Cabinet issues directives to counter propaganda against Ravi, Bundle Island projects

ISLAMABAD: In a bid to counter propaganda against Ravi Urban Development Project and Bundle Island Project, the federal cabinet has directed the ministers concerned to highlight the short-term and long-term benefits of the two important federal government initiatives.

According to sources, the federal cabinet, in its meeting held on 1st December, had directed the Ravi Urban Development Authority (RUDA) and Pakistan Island Development Authority (PIDA) to put in place an effective communication strategy to keep the masses informed about the short-term and long-term benefits of the two projects.

It had also directed Inter Provincial Coordination Minister Dr Fehmida Mirza and Special Assistant to Prime Minister (SAPM) on Climate Change Malik Amin Aslam to highlight in media the environmental benefits of the projects so as to counter the negative propaganda against these projects.

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The cabinet had passed these directives after the chairmen of RUDA and PIDA had given a detailed overview of the two projects.

RUDA Chairman Rashid Aziz, while briefing the cabinet, said that the Ravi River Urban Development Project (RRUDP) would help address water-related issues in Lahore, which had to go through an imbalance in the aquifer system during 2006-17.

“Even in 2017, groundwater extraction stood at 5.2 billion liter per day, while the recharge of groundwater aquifer at the time was only 3.6 billion liter per day.”

Similarly, he informed, Lahore had less than one per cent area covered by trees and no new urban forests or peri-urban woodlands had been designated/existed in the last 20 years. “In addition, the city has been devastated by smog due to rapid urbanization. Therefore, it is imperative to take up steps for revival of river ecological system so that issues pertaining to storage of water, provision of clean drinking water and wastewater management could be addressed.

According to documents, RRUDP consists of seven wastewater treatment plants; 46km lake with three barrages having water storage of 270 billion litres; 28 feet high and 46km-long retaining walls; green infrastructure; mass transit; planned transportation; walkways; proper road infrastructure; more than 10,000 acres of forest; orchards and urban farms; cruise; river transport ferries; river ecology through fish industry; and plantation of more than six million trees.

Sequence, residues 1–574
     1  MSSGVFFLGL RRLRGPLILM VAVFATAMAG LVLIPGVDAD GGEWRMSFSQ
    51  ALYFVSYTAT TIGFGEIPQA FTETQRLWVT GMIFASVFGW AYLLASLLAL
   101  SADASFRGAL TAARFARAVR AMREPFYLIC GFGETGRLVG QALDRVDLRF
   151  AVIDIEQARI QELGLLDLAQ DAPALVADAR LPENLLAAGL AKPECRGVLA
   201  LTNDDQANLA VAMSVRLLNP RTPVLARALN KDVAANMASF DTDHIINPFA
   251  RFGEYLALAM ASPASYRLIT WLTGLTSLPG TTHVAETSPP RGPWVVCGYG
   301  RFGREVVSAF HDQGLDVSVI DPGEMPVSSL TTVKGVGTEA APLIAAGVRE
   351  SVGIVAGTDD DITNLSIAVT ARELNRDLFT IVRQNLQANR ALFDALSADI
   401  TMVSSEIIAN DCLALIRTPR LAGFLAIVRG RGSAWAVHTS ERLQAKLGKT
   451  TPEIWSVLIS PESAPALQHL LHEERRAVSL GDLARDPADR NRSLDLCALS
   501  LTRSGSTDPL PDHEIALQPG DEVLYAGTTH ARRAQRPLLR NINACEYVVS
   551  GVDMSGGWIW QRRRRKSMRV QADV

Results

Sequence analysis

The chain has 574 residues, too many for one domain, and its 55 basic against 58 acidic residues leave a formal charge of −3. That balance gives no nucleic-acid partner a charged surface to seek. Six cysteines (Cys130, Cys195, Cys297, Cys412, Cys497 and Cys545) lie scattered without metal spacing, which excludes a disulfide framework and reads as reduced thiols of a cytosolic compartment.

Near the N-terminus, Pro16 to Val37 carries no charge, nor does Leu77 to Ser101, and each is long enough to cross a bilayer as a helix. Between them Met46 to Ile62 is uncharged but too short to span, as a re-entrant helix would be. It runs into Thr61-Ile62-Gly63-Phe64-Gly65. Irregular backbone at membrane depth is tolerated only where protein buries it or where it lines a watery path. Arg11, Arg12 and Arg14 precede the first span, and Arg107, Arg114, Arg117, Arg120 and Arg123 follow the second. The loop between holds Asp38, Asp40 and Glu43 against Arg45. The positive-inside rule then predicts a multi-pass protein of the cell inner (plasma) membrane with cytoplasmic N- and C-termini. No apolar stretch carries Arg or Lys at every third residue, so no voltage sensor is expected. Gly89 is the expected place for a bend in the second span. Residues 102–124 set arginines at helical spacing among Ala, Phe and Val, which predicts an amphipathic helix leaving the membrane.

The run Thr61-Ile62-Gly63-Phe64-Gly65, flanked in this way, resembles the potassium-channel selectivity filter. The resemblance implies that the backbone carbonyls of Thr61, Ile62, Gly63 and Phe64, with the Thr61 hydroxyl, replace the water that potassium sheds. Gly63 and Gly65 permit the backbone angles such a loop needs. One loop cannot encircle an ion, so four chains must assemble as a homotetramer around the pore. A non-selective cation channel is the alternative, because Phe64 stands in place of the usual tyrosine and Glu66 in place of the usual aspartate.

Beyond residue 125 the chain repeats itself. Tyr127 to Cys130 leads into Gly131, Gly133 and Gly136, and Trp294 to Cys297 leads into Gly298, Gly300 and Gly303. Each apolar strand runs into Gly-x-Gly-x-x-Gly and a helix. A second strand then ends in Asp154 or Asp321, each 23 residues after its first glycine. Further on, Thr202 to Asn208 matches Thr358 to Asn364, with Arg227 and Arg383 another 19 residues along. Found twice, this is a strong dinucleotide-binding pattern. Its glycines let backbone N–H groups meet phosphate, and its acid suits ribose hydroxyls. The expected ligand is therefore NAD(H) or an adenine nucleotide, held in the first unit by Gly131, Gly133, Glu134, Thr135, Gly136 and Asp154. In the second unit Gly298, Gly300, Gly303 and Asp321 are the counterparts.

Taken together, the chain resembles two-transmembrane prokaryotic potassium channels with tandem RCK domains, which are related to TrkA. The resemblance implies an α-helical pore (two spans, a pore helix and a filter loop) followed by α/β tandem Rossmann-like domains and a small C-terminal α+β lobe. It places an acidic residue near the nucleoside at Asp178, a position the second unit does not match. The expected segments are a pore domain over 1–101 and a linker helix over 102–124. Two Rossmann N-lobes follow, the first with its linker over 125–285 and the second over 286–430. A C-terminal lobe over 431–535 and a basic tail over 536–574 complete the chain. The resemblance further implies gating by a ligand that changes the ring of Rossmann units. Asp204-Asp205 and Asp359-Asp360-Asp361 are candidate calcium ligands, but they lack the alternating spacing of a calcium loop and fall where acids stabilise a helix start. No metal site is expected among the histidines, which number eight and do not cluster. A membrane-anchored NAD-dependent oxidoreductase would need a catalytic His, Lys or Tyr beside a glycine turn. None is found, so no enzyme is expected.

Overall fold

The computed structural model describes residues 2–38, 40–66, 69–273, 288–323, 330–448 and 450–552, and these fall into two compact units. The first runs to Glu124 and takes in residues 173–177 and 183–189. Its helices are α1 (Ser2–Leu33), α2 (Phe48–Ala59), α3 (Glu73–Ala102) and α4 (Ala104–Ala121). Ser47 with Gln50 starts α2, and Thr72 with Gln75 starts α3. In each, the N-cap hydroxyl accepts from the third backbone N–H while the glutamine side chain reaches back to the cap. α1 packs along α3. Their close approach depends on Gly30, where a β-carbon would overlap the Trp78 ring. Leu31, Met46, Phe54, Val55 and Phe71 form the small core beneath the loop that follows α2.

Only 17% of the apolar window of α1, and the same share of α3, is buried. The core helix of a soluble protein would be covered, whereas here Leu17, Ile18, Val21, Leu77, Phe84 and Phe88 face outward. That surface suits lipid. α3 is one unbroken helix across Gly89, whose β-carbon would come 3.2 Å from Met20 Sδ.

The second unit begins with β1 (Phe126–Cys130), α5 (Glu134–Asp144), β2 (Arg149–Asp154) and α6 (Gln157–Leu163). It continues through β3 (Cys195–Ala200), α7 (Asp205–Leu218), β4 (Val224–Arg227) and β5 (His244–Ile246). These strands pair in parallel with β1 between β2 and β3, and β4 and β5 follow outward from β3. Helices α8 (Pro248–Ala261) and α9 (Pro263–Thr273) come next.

After the completion of the first phase, the project would create approximately 873,000 direct and indirect jobs. Land estimates of net developable area in phase-I would be 17,872 acres with estimated cost of Rs939 billion.

Meanwhile, PIDA Chairman Imran Amin, while briefing the cabinet about Bundle Island Project, said the project would be completely sustainable, both technically and financially. “No loans would be taken for this project…funding would be through equity and project finance strategy to support the economy.”

He said the project would also be exploring more international ventures for hospitality, entertainment and commercial companies.

As per document, the Bundle Island Project would be recreated on the existing Bundle/Buddo Islands surrounded by the Arabian Sea. The two island sites would together yield a total developmental area of approximately 8,000 acres. The islands are approximately 22km southeast of Karachi city center and 1.2km from the mainland by the existing fishermen’s route.

An existing Mangrove area located north Bundle/Buddo Island is proposed to be reserved as an area, serving as fertile ground for education and further research and development.

As per document, the project aims to protect the island’s environment and landscape through sustainable development to ensure that it attends to the infrastructural, transport, economic, affordable housing and recreational needs of its residents and visitors. Moreover, it would provide a framework for physical, economical, social and cultural development of the islands for the next 50 years and beyond and preserve the ecology of the surrounding Indus delta and Mangroves.

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Ahmad Ahmadani
The author is an investigative journalist. He can be reached at [email protected]
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